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On the Move
Alexander Wolff
July 22, 1996
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July 22, 1996

On The Move


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In centuries-old Chinese Iconography the character for phoenix has been used to represent woman. As China makes like a firebird economically, the People's Republic is tracing a parallel ascent in international sports and doing so on the wings of the gender that Mao once said "holds up half the sky."

She is only 23, but Wang Junxia has already written her own Phoenician chapter in the annals of Chinese athletics. Her first rise was unlikely enough: Wang, a fisherman's daughter from the rural northeast, became such an accomplished runner that in 1993 she mocked the world record in the 10,000 meters, breaking it by 42 seconds. At the time she was indentured to coach Ma Junren, the running guru whose so-called Family Army submitted to a regimen of exotic elixirs; daily training sessions that sometimes included running the equivalent of a marathon; a ban on frills such as boyfriends, makeup and long hair; and (presumably to rid the human machine of any nonessential parts) mandatory appendectomies.

But in 1994 Wang padded out of Ma's camp on her size-6 feet with at least 11 other runners, citing beatings, misappropriation of winnings and medical neglect. The coach's control was so total that he also allegedly attempted to arrange for Wang to marry his son and kept from her the news that her brother had died in a traffic accident. The runners began training on their own, but without a coach Wang languished. She fell out of the world rankings for the 10,000 last year and lost a 5,000 last October to the latest foot soldier in her old coach's reconstituted army, a teenager named Jiang Bo.

That set the stage for China's national track and field championships in Nanjing two months ago, when the most astonishing reversal of fortunes took place. Without Ma, who was being treated for an intestinal ailment back in Beijing, none of his female Manchurian candidates for the Olympic team won a thing—not Jiang, who came up lame in the 5,000-meter final and withdrew from the 10,000, and not the lone holdover from the old Family Army, Qu Yunxia, who's reported to have stayed with Ma only because her parents are indebted to him for the house in which they live.

Meanwhile Wang, who had been training for several months under the lighter hand of coach Mao Dezhen, clocked a 14:51.87 in the 5,000, the year's fastest time. Two days later, in a preliminary heat of the 10,000, she ripped off a 31:01.76, the best time in that event in two years. Twice during that 10,000 she lapped the field, and with 1,500 meters to go a fan yelled out, "Lap 'em a third time!"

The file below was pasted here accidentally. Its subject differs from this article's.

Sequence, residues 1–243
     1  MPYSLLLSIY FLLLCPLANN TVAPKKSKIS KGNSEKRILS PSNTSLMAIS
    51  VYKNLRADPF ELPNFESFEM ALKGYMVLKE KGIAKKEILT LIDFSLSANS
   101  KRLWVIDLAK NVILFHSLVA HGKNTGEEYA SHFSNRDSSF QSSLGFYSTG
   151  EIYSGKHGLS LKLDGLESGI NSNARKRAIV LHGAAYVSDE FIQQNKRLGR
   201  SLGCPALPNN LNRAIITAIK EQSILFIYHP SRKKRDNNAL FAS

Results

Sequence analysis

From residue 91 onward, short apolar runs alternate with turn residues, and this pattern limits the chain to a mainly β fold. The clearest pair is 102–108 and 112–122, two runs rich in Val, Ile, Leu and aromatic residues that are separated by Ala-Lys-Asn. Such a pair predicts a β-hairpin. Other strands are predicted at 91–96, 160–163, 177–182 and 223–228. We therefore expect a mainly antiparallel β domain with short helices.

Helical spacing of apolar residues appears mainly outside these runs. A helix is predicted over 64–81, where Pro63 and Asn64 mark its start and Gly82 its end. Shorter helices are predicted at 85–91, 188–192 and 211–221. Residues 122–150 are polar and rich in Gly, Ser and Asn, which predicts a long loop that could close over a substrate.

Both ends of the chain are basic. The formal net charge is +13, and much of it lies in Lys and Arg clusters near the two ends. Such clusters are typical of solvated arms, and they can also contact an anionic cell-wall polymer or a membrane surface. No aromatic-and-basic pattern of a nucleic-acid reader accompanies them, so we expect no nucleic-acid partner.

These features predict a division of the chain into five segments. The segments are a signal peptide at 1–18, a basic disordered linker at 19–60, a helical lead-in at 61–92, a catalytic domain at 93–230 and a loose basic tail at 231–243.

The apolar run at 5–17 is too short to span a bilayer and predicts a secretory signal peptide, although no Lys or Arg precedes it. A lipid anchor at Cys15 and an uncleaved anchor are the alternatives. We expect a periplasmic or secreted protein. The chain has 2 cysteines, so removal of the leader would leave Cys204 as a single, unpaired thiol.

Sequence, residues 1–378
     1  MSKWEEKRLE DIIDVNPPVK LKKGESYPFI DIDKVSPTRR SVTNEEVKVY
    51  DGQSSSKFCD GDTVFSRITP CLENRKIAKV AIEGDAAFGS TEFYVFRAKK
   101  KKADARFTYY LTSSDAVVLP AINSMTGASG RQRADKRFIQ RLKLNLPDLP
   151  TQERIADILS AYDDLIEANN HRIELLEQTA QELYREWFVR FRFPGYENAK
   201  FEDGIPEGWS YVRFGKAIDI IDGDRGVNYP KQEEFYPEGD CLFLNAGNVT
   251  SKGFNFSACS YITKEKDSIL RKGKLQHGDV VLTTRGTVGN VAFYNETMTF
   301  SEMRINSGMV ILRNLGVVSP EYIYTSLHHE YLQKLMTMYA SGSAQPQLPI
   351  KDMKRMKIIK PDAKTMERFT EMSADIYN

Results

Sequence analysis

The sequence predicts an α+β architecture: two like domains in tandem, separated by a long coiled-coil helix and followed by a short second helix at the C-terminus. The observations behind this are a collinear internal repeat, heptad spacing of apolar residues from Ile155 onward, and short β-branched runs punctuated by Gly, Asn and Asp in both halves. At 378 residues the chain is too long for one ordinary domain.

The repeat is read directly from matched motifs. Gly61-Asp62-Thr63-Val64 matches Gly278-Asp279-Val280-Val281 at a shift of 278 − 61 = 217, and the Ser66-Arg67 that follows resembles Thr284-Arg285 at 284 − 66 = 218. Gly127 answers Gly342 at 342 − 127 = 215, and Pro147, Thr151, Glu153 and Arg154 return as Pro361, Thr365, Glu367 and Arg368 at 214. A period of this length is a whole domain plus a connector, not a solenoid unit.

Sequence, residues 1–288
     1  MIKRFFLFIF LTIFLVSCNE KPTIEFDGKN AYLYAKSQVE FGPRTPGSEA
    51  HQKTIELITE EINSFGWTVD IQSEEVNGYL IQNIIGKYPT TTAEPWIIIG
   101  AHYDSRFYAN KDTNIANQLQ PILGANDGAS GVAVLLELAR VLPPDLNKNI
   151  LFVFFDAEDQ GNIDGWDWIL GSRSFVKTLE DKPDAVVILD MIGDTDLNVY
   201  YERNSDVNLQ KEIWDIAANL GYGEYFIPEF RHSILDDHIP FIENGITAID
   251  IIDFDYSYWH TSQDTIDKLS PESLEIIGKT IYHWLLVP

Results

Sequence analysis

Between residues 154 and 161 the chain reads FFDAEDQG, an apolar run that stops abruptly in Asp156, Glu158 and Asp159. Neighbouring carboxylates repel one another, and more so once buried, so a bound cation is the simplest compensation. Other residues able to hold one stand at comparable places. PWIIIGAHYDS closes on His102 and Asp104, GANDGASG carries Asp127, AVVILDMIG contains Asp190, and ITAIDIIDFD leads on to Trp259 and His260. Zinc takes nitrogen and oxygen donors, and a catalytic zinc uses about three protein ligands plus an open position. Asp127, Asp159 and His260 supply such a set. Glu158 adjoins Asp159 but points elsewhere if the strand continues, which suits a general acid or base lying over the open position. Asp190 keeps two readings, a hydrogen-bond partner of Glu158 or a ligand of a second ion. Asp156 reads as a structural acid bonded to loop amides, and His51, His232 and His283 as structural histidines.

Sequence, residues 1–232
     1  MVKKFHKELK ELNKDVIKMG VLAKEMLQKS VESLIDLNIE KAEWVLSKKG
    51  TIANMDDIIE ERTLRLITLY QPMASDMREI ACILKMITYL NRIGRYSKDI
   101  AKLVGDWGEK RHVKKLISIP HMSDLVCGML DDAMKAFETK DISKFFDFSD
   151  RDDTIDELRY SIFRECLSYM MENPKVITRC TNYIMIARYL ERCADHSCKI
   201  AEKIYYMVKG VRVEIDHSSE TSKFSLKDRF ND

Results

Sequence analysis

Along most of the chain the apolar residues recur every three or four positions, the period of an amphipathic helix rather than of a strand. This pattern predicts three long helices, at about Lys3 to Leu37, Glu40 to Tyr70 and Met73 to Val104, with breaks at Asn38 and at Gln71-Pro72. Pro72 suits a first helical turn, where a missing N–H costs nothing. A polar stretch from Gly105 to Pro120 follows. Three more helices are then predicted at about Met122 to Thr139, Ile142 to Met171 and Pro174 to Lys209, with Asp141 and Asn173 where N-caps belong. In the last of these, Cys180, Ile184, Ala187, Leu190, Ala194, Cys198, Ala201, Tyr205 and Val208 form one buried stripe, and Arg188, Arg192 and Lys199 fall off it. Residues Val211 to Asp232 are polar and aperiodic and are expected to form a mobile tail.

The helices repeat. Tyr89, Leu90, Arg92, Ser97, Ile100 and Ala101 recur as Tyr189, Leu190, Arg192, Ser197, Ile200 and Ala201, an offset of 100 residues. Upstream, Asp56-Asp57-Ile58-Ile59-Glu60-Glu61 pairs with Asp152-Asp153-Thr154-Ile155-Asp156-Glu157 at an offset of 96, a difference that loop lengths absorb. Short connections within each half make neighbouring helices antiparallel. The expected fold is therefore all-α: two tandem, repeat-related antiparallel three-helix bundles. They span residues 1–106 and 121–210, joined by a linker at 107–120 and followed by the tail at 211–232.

Smiles do not readily cross Wang's face. But at that remark this 5'3", 99-pound waif, without the slightest break in stride, let her visage go full-megawatt. From Ma to Mao: What a difference a vowel makes.

"I'm not satisfied," Wang said shortly after coming off the track. Her remark precisely echoed that of 20-year-old swimmer Liu Limin at April's national swimming championships in Tianjin after Liu won the 100-meter butterfly with a time of 59.57 seconds—just 1.64 seconds off the world record—which would have left most other swimmers content.

Attitudes like Wang's and Liu's are one reason that women won 34 of China's 54 medals in Barcelona four years ago and are expected to do at least that well in Atlanta. But there are many other reasons as well. Chinese women pull up their performances by frequently training with men. Chinese sports officials believe that the physiological differences between Asian and Western women are negligible compared with those between Asian and Western men, and are easier to overcome with rigorous training and diligent coaching. Eating disorders, that peril of many women athletes in the West, were unheard of in China, perhaps because of the absence until recently of images in advertising and the press idealizing the female form. (Hearing a foreign visitor try to explain anorexia recently, a Chinese sports journalist furrowed his brow uncomprehendingly and then said, "Here, only people without food starve to death.")

There is, alas, ample evidence in China of the worldwide scourge of performance-enhancing drugs, which have a greater effect on women than on men. China's woman swimmers would be even more of a threat in Atlanta if such champions as Lu Bin and Yang Aihua hadn't been busted for anabolic steroids at the 1994 Asian Games and banned from the '96 Olympics.

But cultural factors may explain the Chinese athletes' success as much as anything. Chinese women are born into a hard life. Their coaches, nearly all of whom are male, operate in an environment influenced for thousands of years by three prominent Confucian principles: A girl shall obey her father; a wife, her husband; a widow, her son. More than one out of every three Chinese women can't read, a rate 22% sorrier than that of Chinese men, because many parents and bureaucrats don't see the value of educating girls in a patriarchy; male heirs are so prized under the government's single-child policy that female infanticide is not unusual. And while the practice of binding women's feet to keep them from running off was halted early in this century, women are still sometimes forcibly sterilized or sold into marriage. Faced with those rows to hoe, a Chinese woman might not find the task of winning an Olympic medal particularly daunting.

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